AAS 477 / HIS 477
The Civil Rights Movement

Taught by Professor Joshua Guild

This interdisciplinary course examines the evolution of African American social and political mobilization from World War II through the 1970s. Through an analysis of historical scholarship, oral history, sermons, works of literature, film and music, it explores the various ways that African Americans articulated their political demands and affirmed their citizenship using the church, grassroots organizations, workers' rights, feminism, education, war, the federal bureaucracy, and the law as tools for political action. The course also considers the ways these movements have been remembered, memorialized, and appropriated in more recent times.

AAS Subfield: African American Culture and Life

Seminar S01: 1:30 pm – 4:20 pm T

AAS 481 / ENG 429
The African American Atlantic: Modernity and the Black Experience

Taught by Professor Simon Gikandi

Examines the formation and transformation of the Black Atlantic World from the 18th century to present. Through an examination of a range of literary texts, historical documents, and visual media, the course will consider how the Atlantic Ocean, often associated with violence and pain of slavery, also became the stage in which new black identities were constructed. How did black sin the new world imagine themselves as modern subjects? How have African, African American, and Caribbean writers and intellectuals imagined global citizenship? There will be a visit to Ghana over the spring break.

AMS 339 / AAS 333 / ANT 389 / REL 333
Religion and Culture: Muslims in America

Taught by Professor A. Remtulla

This course is an introduction to Muslim cultures in the United States. Each week we will draw upon texts from anthropology, sociology, history, and other fields to develop an understanding of the historical and present diversity of Muslim communities in America. The first half of the course provides a survey of Muslim communities in this country from the 17th to the 21st centuries. The second half features a thematic approach to a variety of topics: 9/11, women and gender, religious conversion, interfaith relations, youth, mosques as institutions, and Islamophobia.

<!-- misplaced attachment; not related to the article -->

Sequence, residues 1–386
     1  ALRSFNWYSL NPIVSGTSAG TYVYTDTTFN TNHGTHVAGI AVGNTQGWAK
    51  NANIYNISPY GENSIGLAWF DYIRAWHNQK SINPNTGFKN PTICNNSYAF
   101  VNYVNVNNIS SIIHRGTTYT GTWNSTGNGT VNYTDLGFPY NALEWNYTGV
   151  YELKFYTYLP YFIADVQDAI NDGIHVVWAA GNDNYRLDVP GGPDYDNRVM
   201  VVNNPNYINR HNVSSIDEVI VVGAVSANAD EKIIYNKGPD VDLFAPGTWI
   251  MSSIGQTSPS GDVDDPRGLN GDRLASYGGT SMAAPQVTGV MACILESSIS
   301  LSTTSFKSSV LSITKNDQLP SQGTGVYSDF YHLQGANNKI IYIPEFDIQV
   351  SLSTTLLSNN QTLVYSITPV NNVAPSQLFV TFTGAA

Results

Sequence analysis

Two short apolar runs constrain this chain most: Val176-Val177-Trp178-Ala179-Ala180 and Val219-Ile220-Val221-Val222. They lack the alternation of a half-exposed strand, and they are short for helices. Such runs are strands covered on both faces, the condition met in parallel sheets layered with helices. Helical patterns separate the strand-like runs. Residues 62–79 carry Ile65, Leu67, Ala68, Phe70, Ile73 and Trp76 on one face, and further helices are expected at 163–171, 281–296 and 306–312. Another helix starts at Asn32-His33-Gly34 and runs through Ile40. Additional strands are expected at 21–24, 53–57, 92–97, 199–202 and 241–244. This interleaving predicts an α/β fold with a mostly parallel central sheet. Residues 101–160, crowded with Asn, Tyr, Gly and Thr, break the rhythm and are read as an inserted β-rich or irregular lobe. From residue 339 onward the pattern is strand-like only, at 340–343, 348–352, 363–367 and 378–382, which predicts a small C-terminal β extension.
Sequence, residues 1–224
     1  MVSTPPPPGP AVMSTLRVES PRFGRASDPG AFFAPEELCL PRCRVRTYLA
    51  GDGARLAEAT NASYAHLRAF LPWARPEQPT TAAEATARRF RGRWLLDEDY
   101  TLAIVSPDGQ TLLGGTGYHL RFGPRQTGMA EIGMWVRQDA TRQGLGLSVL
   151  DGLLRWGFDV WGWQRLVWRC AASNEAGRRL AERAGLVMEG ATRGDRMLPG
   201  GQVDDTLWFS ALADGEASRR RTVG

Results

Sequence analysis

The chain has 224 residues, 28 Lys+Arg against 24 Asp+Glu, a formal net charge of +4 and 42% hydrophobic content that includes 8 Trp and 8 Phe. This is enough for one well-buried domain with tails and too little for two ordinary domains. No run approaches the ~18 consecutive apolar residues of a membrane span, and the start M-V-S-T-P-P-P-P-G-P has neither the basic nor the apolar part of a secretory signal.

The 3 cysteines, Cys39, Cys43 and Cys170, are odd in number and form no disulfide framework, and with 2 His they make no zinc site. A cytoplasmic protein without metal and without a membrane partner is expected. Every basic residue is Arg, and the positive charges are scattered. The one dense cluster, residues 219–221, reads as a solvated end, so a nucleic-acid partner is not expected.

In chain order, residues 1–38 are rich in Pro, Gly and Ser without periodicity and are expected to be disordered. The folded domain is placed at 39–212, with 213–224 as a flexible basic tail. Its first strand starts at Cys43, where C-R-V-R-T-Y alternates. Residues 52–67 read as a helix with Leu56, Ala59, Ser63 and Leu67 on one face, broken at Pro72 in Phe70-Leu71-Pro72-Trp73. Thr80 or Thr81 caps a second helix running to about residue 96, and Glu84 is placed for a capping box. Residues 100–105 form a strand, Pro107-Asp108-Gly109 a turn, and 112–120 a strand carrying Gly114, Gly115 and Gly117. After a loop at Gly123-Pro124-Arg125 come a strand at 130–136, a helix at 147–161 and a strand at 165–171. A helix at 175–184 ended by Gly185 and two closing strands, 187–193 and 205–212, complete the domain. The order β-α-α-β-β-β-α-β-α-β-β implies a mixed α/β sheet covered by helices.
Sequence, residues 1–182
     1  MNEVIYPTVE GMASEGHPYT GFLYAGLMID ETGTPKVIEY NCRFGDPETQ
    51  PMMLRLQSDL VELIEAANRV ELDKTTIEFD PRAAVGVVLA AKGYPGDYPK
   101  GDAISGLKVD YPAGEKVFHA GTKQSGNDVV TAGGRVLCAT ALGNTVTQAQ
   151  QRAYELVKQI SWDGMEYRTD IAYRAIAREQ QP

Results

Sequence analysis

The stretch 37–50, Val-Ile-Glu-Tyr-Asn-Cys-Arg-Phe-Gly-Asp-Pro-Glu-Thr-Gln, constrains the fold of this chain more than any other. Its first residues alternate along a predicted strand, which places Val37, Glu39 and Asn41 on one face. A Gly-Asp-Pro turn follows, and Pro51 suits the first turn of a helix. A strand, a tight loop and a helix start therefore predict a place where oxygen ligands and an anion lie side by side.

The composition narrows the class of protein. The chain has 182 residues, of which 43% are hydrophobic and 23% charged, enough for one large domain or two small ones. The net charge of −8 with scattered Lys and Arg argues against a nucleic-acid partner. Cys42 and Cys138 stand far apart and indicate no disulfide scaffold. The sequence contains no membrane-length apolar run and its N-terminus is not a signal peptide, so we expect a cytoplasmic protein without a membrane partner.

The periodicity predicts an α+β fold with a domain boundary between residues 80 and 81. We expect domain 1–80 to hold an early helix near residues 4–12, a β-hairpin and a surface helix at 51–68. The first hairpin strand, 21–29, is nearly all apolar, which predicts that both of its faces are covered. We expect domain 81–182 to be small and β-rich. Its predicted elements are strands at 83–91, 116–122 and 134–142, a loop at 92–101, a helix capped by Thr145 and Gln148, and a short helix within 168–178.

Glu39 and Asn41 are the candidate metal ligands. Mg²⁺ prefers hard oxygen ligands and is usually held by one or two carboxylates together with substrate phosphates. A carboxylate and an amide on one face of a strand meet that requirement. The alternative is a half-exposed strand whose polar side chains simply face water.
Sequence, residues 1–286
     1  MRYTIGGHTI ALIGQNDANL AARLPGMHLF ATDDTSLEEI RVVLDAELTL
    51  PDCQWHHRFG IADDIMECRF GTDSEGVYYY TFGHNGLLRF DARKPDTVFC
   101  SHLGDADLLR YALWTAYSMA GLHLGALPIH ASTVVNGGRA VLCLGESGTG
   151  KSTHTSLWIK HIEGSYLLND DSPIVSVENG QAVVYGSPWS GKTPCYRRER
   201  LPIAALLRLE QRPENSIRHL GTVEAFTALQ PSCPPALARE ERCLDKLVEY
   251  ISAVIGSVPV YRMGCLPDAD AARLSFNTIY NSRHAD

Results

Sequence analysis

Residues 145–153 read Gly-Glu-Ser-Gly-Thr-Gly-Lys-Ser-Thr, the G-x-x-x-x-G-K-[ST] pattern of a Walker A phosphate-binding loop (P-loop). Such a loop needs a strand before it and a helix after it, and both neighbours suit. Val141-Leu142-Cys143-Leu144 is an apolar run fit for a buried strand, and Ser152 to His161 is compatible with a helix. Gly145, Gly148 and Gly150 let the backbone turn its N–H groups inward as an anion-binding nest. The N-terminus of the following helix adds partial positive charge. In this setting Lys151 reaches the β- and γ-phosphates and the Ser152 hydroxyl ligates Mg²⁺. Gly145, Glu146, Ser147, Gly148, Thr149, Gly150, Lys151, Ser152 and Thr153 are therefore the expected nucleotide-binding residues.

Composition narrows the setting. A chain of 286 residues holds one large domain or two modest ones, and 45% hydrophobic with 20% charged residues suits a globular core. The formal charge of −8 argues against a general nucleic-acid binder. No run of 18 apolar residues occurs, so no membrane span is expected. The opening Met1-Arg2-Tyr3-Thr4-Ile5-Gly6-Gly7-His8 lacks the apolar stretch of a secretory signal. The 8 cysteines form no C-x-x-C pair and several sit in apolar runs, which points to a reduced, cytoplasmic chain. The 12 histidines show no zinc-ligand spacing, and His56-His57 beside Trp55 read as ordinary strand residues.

1:30 pm – 4:20 pm T

ANT 210*
Cross-Cultural Explorations of Gender in Film and Ethnographic Texts

Taught by Professor C. Rouse

Through visual and written ethnographies, this course will explore cross-cultural conceptions of gender. Specifically, this course will address the relationship between religion, sexuality, and social reproduction; and the salience of gender to issues of oppression, empowerment, and social change.

ART 260 / AAS 260 / AFS 260 (LA)
Introduction to African Art

Taught by Professor Chika Okeke-Agulu

An introduction to African art and architecture from prehistory to the 20th century. Beginning with Paleolithic rock art of northern and southern Africa, we will cover ancient Nubia and Meroe; Neolithic cultures such as Nok, Djenne and Ife; African kingdoms, including Benin, Asante, Bamun, Kongo, Kuba, Great Zimbabwe, and the Zulu; Christian Ethiopia and the Islamic Swahili coast; and other societies, such as the Sherbro, Igbo, and the Maasai. By combining Africa's cultural history and developments in artistic forms we establish a long historical view of the stunning diversity of the continent's indigenous arts and architecture.

1:30 pm - 2:20 pm TTh

ART 373 / AAS 373
History of African American Art

Taught by Professor Anna Arabindan-Kesson